There’s not a household on earth where the words “It’s not fair!” aren’t heard every now and then. If you have children under the age of, oh, 23, then it’s likely you hear it on a regular basis. Our younger son (8) is wrestling with what’s “fair” a lot these days. Some of it is simply his age – transitioning from the self-centered phase of early childhood into the it’s-not-all-about-me that all of us struggle with, no matter how old we are. But, some of it is our family, because, honestly, we hold him to a different standard than we hold his older brother (11).
I can tell it doesn’t make much sense to him now – our long-winded explanations of his older brother’s spot on the autism spectrum and why his brother gets more redirection, more reminders, and what must appear like more patience from me.
For a long time I tried keeping things “fair,” but that just seems to bring a different set of woes. A child on the spectrum may need additional reminders (or more direct reminders, if you haven’t gotten their attention the first time), before he/she eventually complies with your request. But giving a typically developing child more reminders only teaches him/her that you didn’t really mean it the first time (at least that’s my experience), thus you’ve begun a game of “how far can I push this?”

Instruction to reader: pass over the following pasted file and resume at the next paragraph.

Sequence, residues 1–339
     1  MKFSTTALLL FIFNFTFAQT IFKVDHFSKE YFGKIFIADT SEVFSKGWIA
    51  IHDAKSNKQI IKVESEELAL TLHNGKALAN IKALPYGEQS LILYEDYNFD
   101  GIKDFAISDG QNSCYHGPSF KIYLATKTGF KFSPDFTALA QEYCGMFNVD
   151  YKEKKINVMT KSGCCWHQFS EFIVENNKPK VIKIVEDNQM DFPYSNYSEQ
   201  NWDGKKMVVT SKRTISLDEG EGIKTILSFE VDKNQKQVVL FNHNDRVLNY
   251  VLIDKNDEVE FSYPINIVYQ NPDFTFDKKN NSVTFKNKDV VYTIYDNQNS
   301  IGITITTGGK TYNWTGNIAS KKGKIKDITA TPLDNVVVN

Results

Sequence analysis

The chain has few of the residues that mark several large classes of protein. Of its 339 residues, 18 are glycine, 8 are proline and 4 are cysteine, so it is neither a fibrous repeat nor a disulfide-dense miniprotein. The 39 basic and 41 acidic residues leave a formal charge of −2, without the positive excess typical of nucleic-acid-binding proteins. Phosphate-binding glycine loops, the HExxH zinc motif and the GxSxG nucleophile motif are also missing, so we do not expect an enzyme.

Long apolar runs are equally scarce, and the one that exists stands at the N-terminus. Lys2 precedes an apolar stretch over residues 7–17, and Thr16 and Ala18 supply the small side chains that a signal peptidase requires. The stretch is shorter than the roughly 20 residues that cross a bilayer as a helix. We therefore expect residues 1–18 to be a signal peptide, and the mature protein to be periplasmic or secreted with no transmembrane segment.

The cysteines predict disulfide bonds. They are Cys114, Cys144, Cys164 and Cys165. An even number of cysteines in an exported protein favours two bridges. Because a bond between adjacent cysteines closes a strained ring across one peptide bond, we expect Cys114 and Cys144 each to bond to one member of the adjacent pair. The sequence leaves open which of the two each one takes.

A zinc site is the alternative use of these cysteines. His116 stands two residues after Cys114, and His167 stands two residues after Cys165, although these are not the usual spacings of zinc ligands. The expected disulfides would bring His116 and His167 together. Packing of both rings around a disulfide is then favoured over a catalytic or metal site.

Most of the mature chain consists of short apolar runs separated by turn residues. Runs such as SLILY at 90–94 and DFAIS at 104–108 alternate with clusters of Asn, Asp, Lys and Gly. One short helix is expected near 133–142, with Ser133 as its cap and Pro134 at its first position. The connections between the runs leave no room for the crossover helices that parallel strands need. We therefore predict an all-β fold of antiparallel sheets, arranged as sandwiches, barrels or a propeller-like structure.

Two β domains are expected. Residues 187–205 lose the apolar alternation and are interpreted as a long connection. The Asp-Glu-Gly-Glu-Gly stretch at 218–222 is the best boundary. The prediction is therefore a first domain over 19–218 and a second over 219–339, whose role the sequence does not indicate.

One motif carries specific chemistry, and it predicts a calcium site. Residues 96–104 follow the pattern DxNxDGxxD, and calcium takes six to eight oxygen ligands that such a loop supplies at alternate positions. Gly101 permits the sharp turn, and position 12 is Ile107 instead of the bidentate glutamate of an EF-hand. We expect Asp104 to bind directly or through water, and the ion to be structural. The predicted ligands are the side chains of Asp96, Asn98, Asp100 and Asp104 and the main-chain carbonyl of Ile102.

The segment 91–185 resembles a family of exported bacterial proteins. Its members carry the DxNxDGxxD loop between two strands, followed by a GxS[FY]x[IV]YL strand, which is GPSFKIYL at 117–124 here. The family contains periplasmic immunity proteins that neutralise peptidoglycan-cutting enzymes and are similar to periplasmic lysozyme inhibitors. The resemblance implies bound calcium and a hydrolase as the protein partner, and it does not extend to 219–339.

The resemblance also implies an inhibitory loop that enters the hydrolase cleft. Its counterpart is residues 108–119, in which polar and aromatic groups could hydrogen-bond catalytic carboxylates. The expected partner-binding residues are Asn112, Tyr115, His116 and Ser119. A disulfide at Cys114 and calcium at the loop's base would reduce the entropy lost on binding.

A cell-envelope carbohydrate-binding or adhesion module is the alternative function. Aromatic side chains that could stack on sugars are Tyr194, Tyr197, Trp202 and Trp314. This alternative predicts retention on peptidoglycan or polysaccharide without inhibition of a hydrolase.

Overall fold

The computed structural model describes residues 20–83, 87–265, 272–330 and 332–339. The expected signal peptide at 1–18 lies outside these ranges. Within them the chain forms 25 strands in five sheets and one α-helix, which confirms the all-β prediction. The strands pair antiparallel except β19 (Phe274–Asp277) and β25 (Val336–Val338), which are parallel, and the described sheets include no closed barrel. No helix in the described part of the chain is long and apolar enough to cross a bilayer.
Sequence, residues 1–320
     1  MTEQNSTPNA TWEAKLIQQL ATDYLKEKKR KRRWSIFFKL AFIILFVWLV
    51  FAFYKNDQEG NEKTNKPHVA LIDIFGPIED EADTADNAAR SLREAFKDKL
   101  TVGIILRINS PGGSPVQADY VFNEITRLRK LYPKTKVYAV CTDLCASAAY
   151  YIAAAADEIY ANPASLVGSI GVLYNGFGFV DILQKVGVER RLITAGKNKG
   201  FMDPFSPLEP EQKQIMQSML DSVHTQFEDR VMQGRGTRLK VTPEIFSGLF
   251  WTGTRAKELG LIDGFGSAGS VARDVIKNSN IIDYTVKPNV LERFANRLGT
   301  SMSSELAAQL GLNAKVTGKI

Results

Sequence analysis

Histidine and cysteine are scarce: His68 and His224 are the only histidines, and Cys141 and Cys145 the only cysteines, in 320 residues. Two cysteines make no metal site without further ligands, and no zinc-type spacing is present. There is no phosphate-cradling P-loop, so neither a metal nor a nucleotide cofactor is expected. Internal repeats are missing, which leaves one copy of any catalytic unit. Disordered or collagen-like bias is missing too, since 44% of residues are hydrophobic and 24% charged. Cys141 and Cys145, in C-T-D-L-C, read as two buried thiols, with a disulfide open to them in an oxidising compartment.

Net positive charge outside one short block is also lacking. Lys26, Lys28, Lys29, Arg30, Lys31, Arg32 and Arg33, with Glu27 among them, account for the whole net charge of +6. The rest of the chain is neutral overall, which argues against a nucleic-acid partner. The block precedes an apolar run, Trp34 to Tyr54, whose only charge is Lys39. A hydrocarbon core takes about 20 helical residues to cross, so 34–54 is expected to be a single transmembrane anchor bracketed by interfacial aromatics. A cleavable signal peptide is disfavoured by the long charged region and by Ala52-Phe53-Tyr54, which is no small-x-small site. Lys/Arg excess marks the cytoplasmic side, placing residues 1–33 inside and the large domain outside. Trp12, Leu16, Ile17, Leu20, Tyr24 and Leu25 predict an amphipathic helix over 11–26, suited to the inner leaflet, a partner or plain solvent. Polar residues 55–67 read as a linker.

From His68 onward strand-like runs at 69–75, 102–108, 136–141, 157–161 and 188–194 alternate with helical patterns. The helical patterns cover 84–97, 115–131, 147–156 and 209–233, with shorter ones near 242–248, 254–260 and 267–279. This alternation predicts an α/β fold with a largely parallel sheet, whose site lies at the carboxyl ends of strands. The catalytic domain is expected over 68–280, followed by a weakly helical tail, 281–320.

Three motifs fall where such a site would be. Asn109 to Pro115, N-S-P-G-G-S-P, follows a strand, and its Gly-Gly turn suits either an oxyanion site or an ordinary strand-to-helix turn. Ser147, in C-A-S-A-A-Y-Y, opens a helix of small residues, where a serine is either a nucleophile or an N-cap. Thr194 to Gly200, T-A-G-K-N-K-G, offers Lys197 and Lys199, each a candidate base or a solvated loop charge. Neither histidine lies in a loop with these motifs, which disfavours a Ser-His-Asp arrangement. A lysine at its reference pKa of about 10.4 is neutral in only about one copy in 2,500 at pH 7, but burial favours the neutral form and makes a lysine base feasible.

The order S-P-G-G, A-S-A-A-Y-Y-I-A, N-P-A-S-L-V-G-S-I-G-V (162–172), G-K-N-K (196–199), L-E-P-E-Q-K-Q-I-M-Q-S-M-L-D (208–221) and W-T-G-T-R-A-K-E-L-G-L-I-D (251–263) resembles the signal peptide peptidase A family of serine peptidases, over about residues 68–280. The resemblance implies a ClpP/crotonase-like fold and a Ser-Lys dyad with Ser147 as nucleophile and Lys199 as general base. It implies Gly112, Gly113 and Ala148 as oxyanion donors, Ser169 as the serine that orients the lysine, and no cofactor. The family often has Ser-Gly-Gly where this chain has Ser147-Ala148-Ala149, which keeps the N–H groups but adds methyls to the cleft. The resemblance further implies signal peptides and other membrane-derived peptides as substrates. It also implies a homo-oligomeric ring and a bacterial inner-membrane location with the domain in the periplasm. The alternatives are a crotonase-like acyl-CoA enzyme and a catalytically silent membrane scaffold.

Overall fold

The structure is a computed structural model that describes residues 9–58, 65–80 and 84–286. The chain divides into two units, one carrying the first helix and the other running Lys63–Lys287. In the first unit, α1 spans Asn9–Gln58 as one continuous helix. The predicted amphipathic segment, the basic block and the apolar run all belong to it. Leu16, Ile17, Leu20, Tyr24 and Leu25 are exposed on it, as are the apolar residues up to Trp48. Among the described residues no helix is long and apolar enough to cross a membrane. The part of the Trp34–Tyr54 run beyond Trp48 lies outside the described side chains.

We’re going through a phase now where our younger son is imitating some his older brother’s fears and quirks. I don’t think he’s completely conscious of it, but he’s definitely chosen the ones that appear to earn his brother more attention and/or more leeway. I can almost hear his cries of betrayal when I don’t react the way he expected I would – the way I would if he were his brother.
I know (at least I hope) that this will all work itself out with age and time, and these experiences will contribute to his becoming a more empathetic and compassionate young man. That’s what my making-something-of-it brain tells me to believe. Meanwhile, my mom brain is forever searching for more things I can put on his side of the scales. Because what he can’t see (yet) is how it will all even out later in life … maybe even lean more in his favor, as there are things he can do that his brother may not. Fall in love. Live on his own. Find employment doing something he enjoys. Have lifelong friends.
When I let my mind wander to these kinds of thoughts, then I’m the one saying, “It’s not fair.” There’s so little in life that is. But I’ll take my end of the scales over anyone else’s, any day of the week.